An intriguing but widely overlooked feature released with Mac OS X Leopard is the ability to share screens wirelessly with other computers in a super fast and easy way. This can be incredibly useful when you want to collaborate on a project together with someone else, or if you’re running several computers in different rooms around the home or office.
In this tutorial I will explain how to set up screen sharing, ensure security is fully considered, and outline how it can be done even if you don’t have a WiFi connection available.
Setting up Screen Sharing
To get Screen Sharing up and running, we’ll have to enable this feature on all of the computers that you wish to share. To do this, launch System Preferences, and open up the ‘Sharing’ pane under Internet & Network.
At the top of this window, you may want to give your computer a name. This will just make it a lot easier to find later on. In the list of services down the left hand side, locate Screen Sharing, and tick the check box next to it. You’ll see that Screen Sharing is now turned on.
Click on ‘Computer Settings…’ to access some privacy controls. Tick the first box if you’re happy for anyone to request screen sharing, but I’d highly recommend that you enable a password to keep you’re computer a little safer. With that done, click ‘OK’.
You’ll also notice that in this Screen Sharing window, you have the ability to restrict access to only a select few users. This is great if you know that you’d only like to share with a couple of other computers and no others. If this is the case, click on the plus sign and locate these users. Be aware though that if you’d like to view your screen through an iPhone or iPod Touch, you’ll need to make sure you have this option set to ‘All users’, otherwise it will not work. As long as you have a secure password set up, then you should be safe.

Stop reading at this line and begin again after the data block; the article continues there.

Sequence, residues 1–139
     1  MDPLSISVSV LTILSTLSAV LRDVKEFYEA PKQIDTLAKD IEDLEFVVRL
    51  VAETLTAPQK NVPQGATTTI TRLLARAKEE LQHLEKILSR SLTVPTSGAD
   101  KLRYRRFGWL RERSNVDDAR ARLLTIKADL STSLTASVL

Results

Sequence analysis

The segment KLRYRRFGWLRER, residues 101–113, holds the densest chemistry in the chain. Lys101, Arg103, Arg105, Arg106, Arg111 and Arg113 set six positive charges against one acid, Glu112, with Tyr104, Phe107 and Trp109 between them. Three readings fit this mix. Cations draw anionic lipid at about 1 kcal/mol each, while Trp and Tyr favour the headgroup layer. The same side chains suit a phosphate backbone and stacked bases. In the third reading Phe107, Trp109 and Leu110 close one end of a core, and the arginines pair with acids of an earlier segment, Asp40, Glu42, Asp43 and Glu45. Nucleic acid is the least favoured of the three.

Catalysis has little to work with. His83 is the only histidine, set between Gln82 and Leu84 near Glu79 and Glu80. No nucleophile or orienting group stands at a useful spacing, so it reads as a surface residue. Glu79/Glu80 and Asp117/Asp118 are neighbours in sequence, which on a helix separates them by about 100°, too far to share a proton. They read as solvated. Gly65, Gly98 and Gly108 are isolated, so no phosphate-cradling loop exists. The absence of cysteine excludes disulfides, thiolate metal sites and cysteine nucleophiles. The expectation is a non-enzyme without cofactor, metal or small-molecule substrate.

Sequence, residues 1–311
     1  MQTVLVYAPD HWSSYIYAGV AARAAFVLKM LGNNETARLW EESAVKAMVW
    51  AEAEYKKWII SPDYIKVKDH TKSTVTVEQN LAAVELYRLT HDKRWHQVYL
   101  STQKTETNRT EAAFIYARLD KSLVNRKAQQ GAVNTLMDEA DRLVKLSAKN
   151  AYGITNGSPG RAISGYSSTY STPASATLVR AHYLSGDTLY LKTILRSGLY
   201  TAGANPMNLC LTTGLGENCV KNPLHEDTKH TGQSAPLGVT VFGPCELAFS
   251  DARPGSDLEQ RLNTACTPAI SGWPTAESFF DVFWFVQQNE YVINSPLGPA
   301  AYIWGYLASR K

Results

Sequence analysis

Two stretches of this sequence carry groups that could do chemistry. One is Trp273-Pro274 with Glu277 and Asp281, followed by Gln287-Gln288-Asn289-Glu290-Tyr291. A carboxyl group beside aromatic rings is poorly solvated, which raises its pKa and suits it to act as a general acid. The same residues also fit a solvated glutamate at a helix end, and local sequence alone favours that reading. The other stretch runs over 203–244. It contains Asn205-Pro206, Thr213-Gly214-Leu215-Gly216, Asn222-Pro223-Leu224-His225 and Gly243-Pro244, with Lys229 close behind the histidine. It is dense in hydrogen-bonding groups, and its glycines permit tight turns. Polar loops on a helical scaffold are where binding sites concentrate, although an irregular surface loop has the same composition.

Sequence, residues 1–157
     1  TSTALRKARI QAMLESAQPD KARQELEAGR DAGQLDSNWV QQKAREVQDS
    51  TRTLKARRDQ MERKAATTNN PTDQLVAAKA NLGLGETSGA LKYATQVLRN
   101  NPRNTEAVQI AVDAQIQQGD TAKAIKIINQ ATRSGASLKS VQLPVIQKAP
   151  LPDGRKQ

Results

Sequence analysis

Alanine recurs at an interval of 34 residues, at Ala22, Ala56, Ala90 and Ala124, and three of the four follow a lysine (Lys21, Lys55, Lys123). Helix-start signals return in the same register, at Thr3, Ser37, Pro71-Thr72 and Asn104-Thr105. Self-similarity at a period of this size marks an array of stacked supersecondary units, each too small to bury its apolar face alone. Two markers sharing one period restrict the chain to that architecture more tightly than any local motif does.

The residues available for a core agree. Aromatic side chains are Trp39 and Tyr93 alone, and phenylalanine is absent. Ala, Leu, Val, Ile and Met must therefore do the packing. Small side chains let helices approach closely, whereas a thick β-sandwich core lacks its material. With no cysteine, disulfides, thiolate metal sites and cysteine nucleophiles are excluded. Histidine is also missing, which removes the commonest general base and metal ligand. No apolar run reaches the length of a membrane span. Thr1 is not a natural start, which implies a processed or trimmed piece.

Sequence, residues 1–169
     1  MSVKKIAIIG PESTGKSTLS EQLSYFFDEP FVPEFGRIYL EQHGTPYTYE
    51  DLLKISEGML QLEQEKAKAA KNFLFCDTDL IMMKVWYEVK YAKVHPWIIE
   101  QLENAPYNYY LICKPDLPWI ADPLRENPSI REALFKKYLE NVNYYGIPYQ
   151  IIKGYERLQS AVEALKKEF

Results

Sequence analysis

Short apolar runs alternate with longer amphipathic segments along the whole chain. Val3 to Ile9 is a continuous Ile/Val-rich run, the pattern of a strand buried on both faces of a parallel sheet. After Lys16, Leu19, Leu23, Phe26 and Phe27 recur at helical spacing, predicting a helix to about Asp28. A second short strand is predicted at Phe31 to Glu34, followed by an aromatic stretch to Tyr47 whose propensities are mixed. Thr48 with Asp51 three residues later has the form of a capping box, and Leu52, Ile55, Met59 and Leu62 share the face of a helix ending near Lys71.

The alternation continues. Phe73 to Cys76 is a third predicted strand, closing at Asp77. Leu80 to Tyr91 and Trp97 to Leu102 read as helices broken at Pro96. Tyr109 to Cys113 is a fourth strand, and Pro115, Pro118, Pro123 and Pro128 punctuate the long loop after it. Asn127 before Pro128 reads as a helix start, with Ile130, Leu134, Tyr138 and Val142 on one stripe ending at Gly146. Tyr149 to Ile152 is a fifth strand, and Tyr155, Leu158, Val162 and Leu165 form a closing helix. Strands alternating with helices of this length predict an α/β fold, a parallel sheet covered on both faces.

Make sure this is also done on all of the other computers you wish to share screens with, and you’re done!
What’s this about iPhones? Some applications from Apple’s App Store actually allow the iPhone and iPod Touch to share the screen with your computer, so you can control your computer wirelessly from anywhere in the building. Such apps include RemoteTap, Jaadu VNC, and Mocha VNC. They’re not cheap, but do a great job as long as you’re prepared to accept a slight lag.
Sharing Screens with Another Computer
To share screens, you’ll need to make sure that both computers are on the same WiFi network. Once confirmed, open up a Finder window on the computer you’d like to use. Below ‘Shared’ down the left hand side, you should find the other computer you are looking for. Select it, and then in the following options, click ‘Share Screen…’.
This will launch the Screen Sharing application which comes bundled with Leopard, and should show you the screen of the computer you are trying to view. If it asks you for permission, just type in a valid username and password for the other computer.
If you’d like to find this Screen Sharing application on it’s own, you can find it hidden within: /System/Library/CoreServices/Screen Sharing
You now have full control over the computer that you are accessing, and can move your mouse freely in and out of the other virtual screen. The small pair of binoculars in the menu bar show you that the screen is being shared. This way, if you are using the screen you can see if anyone is watching you or not. By clicking on this item, you can easily disconnect the viewer.
What if I don’t have WiFi?
Not to worry! If you’re stuck in a place without access to a WiFi router but you’d like to share screens, it’s a quick fix to create your own wireless network. Simply click on the little Airport icon in the menu bar, and then select ‘Create Network…’
Give your new network a name and password and hit ‘OK’. On the other computer, you can now go up to the same Airport icon in the menu bar and then select the name of the network you’ve just created. Now your two computers are linked via a network, as if connected to each other through a wireless router. This method is incredibly useful when you need to access other computers without a WiFi router handy, and should give you no troubles setting up screen sharing as described above.
As you can see, Screen Sharing only a matter of minutes to set up. Once initiated once, it will continue to work immediately time and time again, providing fast and easy access to other computers around the home or office.
This is ideal for collaborating on a project with someone else – be it a presentation, website development, or producing a film. You could even use it for something simple such as showing a whole bunch of different people a slideshow at the same time based on what is on your screen.
Feel free to let us know how (and whether) you use screen sharing. Is it a tool you find particularly useful?